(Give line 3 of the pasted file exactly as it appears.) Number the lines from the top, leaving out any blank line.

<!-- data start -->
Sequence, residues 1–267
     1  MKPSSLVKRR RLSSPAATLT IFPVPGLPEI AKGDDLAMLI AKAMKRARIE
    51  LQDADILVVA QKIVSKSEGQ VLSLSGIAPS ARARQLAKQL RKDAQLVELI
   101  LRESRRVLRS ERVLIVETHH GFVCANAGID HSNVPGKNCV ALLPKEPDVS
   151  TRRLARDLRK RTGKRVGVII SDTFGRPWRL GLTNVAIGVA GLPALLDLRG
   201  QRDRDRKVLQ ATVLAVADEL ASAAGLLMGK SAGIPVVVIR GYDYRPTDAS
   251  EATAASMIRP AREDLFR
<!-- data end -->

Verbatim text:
    51  LQDADILVVA QKIVSKSEGQ VLSLSGIAPS ARARQLAKQL RKDAQLVELI